China Yuan, currency, Currency Conversion, Currency volatility, Euro, G 8, G20, global trade, greenback, Japanese Yen, normalisation, Normalization, Renminbi, Reserve currency, Trade Currency, Trade imbalance, U S Dollar, world trade
I have been observing world currencies and trade for the past several decades and began to wonder what happens if the currency – in this case the US Dollar – loses its value and its place due to economic reasons. I don’t purport to be an economist, but I have come up with what I think is a workable , though complex solution (initially) to address this. It would be great to have a serious and lively discussion on this topic!
World over the greenback is losing its edge.
Most of the increase (both spot, futures) in commodity prices designated in US Dollar currency is attributable to speculation and the in-elastic demand-supply conditions driven more by politics, war-mongering and speculative interests than genuine economic reasons. Asset valuation have taken a beating worldwide. But the common thread running through all this is the Asset/Reserve and Trade Currency weakness of the US Dollar.
There is a solution to this asset/trade/reserve currency valuation crisis – start two new currencies based on the following. This will be perfectly neutral for trade and be beneficial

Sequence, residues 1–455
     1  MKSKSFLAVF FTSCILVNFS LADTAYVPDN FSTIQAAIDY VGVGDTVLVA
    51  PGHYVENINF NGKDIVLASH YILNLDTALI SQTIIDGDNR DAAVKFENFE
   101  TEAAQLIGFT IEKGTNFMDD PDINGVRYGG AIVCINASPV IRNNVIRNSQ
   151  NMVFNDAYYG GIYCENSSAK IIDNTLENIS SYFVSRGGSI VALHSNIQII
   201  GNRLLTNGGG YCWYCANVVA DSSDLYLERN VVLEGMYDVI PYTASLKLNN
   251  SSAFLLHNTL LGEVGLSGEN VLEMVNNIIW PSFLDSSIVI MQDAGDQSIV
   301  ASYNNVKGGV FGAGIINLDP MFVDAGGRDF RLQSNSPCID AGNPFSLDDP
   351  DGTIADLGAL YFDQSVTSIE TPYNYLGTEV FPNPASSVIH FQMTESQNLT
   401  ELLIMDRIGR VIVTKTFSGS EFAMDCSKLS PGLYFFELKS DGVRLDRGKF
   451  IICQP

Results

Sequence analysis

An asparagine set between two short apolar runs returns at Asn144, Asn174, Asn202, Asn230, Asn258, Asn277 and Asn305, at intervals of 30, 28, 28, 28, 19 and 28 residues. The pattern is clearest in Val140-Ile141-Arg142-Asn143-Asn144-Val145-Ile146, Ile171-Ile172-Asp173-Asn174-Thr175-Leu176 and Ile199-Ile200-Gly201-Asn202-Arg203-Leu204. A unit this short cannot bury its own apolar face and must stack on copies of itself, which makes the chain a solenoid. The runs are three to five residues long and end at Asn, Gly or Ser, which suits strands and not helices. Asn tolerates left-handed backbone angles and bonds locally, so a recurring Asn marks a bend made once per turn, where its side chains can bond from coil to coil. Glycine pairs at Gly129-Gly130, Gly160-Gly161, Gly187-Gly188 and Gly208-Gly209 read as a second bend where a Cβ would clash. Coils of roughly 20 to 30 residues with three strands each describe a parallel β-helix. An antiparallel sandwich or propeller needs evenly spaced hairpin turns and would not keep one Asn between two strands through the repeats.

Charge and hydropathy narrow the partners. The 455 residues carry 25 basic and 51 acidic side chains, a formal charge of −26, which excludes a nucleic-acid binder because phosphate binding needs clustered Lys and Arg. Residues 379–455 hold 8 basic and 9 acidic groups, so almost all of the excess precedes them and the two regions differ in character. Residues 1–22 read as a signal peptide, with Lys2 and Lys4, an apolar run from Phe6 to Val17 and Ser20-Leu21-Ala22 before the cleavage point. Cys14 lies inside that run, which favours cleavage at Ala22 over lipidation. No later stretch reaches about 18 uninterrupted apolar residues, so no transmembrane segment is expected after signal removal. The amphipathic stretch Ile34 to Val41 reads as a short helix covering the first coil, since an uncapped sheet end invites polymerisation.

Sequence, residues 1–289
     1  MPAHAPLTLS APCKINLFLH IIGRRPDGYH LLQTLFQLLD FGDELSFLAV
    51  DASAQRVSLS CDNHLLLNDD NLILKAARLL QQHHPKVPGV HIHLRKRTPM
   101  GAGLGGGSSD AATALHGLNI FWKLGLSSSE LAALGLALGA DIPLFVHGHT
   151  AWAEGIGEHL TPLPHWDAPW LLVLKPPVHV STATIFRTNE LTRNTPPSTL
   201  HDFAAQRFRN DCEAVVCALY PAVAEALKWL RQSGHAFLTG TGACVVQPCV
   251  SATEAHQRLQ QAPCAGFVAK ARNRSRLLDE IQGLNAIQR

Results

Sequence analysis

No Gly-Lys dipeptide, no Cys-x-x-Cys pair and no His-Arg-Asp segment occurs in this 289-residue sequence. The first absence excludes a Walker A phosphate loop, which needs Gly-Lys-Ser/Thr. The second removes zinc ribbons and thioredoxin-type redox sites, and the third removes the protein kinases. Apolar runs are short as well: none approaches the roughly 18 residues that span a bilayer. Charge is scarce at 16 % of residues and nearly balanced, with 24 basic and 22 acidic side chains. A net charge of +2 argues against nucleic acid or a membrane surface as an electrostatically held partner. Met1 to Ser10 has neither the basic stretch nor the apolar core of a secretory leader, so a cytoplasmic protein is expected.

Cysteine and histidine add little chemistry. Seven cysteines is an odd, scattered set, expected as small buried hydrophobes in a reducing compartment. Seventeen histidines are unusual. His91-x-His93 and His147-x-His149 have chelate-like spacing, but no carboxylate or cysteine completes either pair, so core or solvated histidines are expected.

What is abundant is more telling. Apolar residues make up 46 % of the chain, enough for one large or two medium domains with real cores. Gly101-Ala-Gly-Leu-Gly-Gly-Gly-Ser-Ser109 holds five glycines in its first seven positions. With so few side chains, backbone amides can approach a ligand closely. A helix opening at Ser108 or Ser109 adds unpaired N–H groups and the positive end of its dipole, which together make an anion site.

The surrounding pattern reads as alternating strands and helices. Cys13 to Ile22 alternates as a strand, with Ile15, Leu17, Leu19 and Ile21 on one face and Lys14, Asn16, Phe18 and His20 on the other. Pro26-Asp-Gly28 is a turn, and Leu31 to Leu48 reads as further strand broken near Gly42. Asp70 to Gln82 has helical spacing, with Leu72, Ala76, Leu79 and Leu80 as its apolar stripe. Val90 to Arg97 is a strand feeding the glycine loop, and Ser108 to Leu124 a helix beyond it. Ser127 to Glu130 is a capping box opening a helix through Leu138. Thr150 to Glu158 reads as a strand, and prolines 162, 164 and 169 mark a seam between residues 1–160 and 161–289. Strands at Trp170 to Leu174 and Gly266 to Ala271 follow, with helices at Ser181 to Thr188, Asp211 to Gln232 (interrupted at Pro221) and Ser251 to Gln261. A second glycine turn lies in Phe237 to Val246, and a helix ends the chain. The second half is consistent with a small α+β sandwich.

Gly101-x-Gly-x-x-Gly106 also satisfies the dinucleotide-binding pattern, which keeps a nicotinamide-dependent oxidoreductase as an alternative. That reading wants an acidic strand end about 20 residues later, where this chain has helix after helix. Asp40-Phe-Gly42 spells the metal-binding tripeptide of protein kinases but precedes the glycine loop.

– G8 currencies basket – designated as “Global Principle Note (GPN)” which has a currency conversion factor -based-lined as of COB January 10 2011 – against all individual G8 country currencies exchange rates prevailing as of that date;
– G 20 currencies basket designated as “Global Subsidiary Note (GSN)” which has a currency conversion factor based on the currencies of the G 20 member nations currencies with the exchange rates prevailing on the COB January 10, 2011.
The ratio of GPN to GSN will be a constant for all currency/trade valuation purposes and will be determined on currency values at COB January 10, 2011.
Any currency conversions going forward will be based on this ratio when a G8 country does a deal with a non-G8 country.
All other nations currency conversion rates, other than the above G 8/G 20 countries, will be linked to the GSN base-lined on values determined at COB January 10, 2011.
This will hopefully achieve the normalization of the existing currency volatility and serve as a spring board for fresh thinking on the subject. It may also likely arrest inflation we see spreading around the world.